Football Neutral Zone

Football Neutral Zone

What Is the Neutral Zone in Football?

The neutral zone in football is an imaginary area of the field that is only used in dead-ball situations, such as before the ball is snapped or kicked. The neutral zone separates the offense and defense and is present before every down. It runs the entire length of the field, parallel to the end zones, and is the same width as a football. In the middle of the neutral zone is the line of scrimmage which restricts either the offense or defense.

NFL Neutral Zone

In the NFL, the neutral zone is often referred to synonymously with the line of scrimmage because its width is so narrow. The official width of the neutral zone is 11 inches or the exact length of an NFL football. No players on either the offense or defense are allowed to enter the neutral zone before the ball is snapped, except for the center (C) on offense, who is responsible for snapping the ball. On televised football games, the neutral zone or line of scrimmage is usually marked by an imaginary blue line.

Kickoff and Pregame Neutral Zones

For kickoffs, some changes occur to the neutral zone. The width of the neutral zone increases to 10 yards in order to keep both teams separated, while the length remains the full length across the field. Only a kicker and holder are allowed to enter the neutral zone for kicking plays. Additionally, the kicking team may not touch the ball until it has crossed the neutral zone or a player on the opposing team has touched it. 

The NFL also makes use of a “pregame neutral zone” that spans the distance between both 45-yard lines, and is used to separate the two teams during pregame warmups, to avoid the possibility of squabbles or fights.   

Football Neutral Zone Rules

The neutral zone is a very important part of the field and has various rules and regulations. At the start of every down, there must be exactly seven offensive players lined up on their side of the neutral zone (line of scrimmage) prior to the snap. Two of those players must be eligible receivers. Except for the snapper, no player may cross the plane of the neutral zone prior to the snap.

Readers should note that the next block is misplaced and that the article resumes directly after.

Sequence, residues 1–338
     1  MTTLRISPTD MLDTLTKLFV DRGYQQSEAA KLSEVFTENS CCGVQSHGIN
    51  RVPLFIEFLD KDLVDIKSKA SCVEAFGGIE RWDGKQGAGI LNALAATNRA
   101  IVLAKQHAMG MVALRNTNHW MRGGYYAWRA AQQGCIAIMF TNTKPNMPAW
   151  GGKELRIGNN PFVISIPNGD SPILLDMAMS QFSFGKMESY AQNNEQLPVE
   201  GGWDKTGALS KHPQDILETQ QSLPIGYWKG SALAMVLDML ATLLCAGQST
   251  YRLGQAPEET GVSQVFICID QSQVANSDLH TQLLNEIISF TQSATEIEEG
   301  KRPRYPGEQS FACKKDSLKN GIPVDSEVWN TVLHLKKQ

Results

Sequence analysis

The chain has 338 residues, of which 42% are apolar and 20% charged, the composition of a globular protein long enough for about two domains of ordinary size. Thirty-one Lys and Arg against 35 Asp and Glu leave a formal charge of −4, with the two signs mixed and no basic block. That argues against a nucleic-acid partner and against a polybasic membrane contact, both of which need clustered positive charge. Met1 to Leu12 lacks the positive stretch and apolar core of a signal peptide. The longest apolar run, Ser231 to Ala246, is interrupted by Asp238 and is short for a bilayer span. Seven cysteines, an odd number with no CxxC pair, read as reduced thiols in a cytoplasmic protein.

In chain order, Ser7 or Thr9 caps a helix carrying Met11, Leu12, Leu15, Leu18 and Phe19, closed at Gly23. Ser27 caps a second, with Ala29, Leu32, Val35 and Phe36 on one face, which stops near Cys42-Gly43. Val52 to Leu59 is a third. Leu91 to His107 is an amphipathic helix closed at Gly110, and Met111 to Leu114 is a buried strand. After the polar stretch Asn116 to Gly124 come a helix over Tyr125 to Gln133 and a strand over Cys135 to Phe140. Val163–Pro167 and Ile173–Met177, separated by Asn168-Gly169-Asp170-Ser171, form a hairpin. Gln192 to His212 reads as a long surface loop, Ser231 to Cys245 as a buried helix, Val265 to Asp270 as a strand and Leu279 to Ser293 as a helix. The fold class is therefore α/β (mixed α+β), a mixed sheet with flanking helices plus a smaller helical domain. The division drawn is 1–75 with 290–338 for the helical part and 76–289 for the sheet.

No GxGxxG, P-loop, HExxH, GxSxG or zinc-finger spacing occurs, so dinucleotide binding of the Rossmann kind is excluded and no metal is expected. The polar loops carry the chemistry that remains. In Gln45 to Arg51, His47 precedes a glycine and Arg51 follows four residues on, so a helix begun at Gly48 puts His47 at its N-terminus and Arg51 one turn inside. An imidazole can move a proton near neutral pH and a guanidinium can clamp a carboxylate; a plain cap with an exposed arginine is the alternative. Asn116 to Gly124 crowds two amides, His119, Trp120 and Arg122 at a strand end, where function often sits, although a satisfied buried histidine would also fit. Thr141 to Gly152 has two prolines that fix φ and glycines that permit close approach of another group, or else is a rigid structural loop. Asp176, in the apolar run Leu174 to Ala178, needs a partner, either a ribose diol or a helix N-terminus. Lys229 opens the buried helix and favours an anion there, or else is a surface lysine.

Football Neutral Zone Penalties

There are also a number of penalties associated with the neutral zone in football. A neutral zone infraction penalty occurs when a defensive player moves into the neutral zone and forces an offensive player to move as a result. This penalty is a loss of five yards for the defense.

A very similar penalty is encroachment, which is called when a member of the defense crosses the neutral zone and makes contact with a player on the offense before the ball is snapped. This is also a five-yard penalty.

Finally, an offside penalty occurs when any part of a player is within or on the wrong side of the neutral zone at the same time as the ball is snapped, causing a loss of five yards.

Here is a full list of penalties that can occur in the neutral zone:


How large is the neutral zone in football?

The neutral zone is 11 inches wide and extends from sideline to sideline. The neutral zone is centered on the line of scrimmage, with a half-football length extending on either side. (The 11-inch width is equal to the length of an official NFL football. Because it is so narrow, many consider the neutral zone and the line of scrimmage to be interchangeable.

What is the difference between offside, encroachment, and a neutral zone infraction?

Though they are similar penalties, there are important differences between offside, encroachment, and a neutral zone infraction relative to the neutral zone. Offside occurs whenever players initially line up past the line of scrimmage before the snap. Encroachment is when a defender lines up behind the line of scrimmage and then touches an offensive player before the snap. Finally, a neutral zone infraction is when a defender lines up behind the line of scrimmage but crosses into or over the neutral zone prior to the snap.   

Are the neutral zone and the line of scrimmage the same?

Though the neutral zone and the line of scrimmage occupy the same space on the field, they are different concepts in execution, though there is an overlap between them. The line of scrimmage refers to the yard line on which both teams line up for a play, also known as the line on which the ball is placed. The neutral zone, meanwhile, is the length of the football and is the space between the two groups of linemen, which cannot be crossed prior to the snap. In short, the line of scrimmage is the line the ball is placed on, while the neutral zone represents the space made by the length of the football while it is on the line.